Alzheimer’s disease (AD)

Alzheimer’s disease (AD) is the most common and fastest growing cause of dementia, accounting for an estimated 60 to 80 percent of all cases. Irreversible and progressive, AD slowly destroys memory and thinking skills and, eventually, the ability to carry out the simplest tasks of daily living. Although treatment can help manage the symptoms of AD, there is no cure for the disease.
 
According to the Alzheimer’s Association, an estimated 6.2 million Americans were living with Alzheimer’s dementia in 2021. By 2025, that number is expected to increase to more than 7 million. Eighty percent of those currently living with AD are age 75 or older. Out of the total U.S. population, one in 10 people (10%) age 65 and older has Alzheimer’s dementia. The percentage of people with Alzheimer’s dementia increases with age: 3% of people age 65-74, 17% of people age 75-84, and 32% of people age 85 and older have Alzheimer’s dementia. 

People younger than 65 can also develop Alzheimer's dementia, but it is much less common and prevalence is uncertain. 

What causes AD?
Several brain changes are believed to contribute to the development of AD. The hallmark changes of AD are the accumulation of the protein beta-amyloid outside neurons (called beta-amyloid plaques) and the accumulation of an abnormal form of the protein tau inside neurons (called tau tangles). Plaques and tangles may make healthy neurons in the brain work less efficiently and eventually die. Neurons in the hippocampus — the brain’s learning and memory center — are among the first to be damaged and die. Neuronal damage eventually spreads to other parts of the brain, causing it to shrink with the loss of neurons. Scientists believe the brain changes of AD begin 20 years or more before the clinical symptoms appear.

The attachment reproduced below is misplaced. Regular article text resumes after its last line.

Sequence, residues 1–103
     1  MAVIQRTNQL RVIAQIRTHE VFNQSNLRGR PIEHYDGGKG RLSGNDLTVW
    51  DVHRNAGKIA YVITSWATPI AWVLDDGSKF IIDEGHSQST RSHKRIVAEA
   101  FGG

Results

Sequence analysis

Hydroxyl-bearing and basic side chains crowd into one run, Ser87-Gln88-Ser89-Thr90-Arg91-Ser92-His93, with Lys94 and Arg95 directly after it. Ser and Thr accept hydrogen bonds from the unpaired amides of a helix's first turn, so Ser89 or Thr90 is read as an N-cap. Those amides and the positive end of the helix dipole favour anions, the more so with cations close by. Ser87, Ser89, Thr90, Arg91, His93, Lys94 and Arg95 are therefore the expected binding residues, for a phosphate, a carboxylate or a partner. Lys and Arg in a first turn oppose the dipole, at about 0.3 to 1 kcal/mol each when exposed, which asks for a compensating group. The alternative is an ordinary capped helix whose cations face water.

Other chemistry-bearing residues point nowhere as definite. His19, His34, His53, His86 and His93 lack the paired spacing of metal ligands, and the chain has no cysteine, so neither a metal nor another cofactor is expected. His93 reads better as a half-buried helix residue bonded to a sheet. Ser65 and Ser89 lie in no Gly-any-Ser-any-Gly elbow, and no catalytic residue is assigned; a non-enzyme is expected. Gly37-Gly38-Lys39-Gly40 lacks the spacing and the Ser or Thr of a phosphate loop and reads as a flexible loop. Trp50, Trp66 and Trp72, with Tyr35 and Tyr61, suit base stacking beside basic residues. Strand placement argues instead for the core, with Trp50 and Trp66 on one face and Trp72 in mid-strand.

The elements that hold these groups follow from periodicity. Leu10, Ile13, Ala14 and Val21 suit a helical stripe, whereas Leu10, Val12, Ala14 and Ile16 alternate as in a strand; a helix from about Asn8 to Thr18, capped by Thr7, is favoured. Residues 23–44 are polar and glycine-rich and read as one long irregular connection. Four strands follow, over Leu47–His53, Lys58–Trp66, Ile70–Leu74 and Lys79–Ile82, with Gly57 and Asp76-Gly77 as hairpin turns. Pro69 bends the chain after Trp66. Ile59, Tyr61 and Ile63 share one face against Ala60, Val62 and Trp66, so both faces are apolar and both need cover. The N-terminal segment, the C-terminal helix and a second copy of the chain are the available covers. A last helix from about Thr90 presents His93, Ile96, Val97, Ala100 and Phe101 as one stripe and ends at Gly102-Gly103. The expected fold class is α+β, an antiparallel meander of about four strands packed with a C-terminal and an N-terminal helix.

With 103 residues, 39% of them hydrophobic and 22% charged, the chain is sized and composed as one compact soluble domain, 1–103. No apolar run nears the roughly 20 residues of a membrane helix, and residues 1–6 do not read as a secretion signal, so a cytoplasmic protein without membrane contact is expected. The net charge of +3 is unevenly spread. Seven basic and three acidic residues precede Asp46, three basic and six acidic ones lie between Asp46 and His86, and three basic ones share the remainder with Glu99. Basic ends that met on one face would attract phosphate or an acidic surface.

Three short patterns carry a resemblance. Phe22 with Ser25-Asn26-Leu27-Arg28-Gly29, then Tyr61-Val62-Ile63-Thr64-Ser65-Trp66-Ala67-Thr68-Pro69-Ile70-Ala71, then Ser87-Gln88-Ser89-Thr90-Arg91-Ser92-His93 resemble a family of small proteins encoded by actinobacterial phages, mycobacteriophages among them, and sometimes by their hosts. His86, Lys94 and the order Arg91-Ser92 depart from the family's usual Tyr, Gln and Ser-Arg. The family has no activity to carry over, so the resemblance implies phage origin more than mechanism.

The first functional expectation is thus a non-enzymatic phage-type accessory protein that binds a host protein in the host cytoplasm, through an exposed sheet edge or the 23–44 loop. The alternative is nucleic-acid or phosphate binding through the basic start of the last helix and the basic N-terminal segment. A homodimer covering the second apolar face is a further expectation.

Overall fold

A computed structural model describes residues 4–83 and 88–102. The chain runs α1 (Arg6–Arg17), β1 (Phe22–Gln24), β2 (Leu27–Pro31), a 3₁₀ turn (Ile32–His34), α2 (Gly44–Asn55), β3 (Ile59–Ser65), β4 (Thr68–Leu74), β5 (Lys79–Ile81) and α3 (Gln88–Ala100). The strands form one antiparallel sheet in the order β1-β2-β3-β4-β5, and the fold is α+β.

According to Alzheimer's Association, the progression of Alzheimer’s disease ranges from brain changes that are unnoticeable to the person affected, to brain changes that cause problems with memory and eventually physical disability is called the Alzheimer’s disease continuum. On this continuum, there are three broad phases:

  • preclinical Alzheimer’s disease,
  • mild cognitive impairment (MCI) due to Alzheimer’s disease, and
  • dementia due to Alzheimer’s disease 

The Alzheimer’s dementia phase is further broken down into the stages of mild, moderate and severe, which reflect the degree to which symptoms interfere with one’s ability to carry out everyday activities. While we know the continuum starts with preclinical Alzheimer’s and ends with severe Alzheimer’s dementia, how long individuals spend in each part of the continuum varies. The length of each phase of the continuum is influenced by age, genetics, gender and other factors.

The three stages are characterized by specific biological states, such as decreased glucose metabolism, accumulation of beta-amyloid plaques, and brain atrophy (shrinkage). These “biomarkers” can be detected and monitored by blood and cerebrospinal fluid testing and by positron emission tomography (PET) and magnetic resonance imaging (MRI). 

For a detailed report on Alzheimer's disease and treatment options in the US, download 2021 Alzheimer's Disease Facts and Figures.

*Image: Detection of Alzheimer's Disease using PET. (A) 11C-FIB PET scans and (B) 18F-FDDNP PET scans between a healthy patient and one with AD. Patient average age is 67 years old.